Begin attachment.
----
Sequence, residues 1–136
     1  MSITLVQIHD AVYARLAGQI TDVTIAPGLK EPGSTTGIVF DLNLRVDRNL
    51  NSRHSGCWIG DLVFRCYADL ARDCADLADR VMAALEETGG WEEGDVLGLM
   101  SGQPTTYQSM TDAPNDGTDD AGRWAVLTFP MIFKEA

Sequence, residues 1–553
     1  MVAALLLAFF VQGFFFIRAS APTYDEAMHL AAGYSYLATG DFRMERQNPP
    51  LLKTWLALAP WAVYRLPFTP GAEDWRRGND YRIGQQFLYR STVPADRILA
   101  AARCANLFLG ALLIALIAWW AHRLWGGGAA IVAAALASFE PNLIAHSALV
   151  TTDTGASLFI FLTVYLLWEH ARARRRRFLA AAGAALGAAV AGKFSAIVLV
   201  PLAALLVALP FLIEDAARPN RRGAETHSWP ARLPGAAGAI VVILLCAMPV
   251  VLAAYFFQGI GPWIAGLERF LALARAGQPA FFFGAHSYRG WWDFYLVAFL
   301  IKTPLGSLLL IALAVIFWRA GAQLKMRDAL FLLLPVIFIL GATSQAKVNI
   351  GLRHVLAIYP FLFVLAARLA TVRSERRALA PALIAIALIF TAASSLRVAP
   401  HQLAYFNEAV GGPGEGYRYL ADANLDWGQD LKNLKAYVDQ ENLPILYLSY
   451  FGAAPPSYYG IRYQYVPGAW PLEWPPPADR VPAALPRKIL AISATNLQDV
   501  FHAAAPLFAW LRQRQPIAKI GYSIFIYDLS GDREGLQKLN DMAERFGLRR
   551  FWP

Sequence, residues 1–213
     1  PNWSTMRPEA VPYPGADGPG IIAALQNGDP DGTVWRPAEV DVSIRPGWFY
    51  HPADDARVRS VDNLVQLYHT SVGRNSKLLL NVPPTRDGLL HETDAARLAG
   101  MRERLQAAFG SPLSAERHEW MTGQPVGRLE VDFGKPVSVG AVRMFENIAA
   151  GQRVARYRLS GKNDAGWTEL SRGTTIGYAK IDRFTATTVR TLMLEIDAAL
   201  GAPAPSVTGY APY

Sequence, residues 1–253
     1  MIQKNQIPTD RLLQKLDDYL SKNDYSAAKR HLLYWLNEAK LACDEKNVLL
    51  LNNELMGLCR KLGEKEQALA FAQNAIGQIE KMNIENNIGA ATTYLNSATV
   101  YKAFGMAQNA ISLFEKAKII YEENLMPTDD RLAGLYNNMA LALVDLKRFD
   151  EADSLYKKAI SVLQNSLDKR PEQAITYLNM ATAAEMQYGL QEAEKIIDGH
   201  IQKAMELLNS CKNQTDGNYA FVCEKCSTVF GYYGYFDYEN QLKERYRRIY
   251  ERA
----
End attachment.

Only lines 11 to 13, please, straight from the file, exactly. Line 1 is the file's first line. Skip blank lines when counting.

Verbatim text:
   251  VLAAYFFQGI GPWIAGLERF LALARAGQPA FFFGAHSYRG WWDFYLVAFL
   301  IKTPLGSLLL IALAVIFWRA GAQLKMRDAL FLLLPVIFIL GATSQAKVNI
   351  GLRHVLAIYP FLFVLAARLA TVRSERRALA PALIAIALIF TAASSLRVAP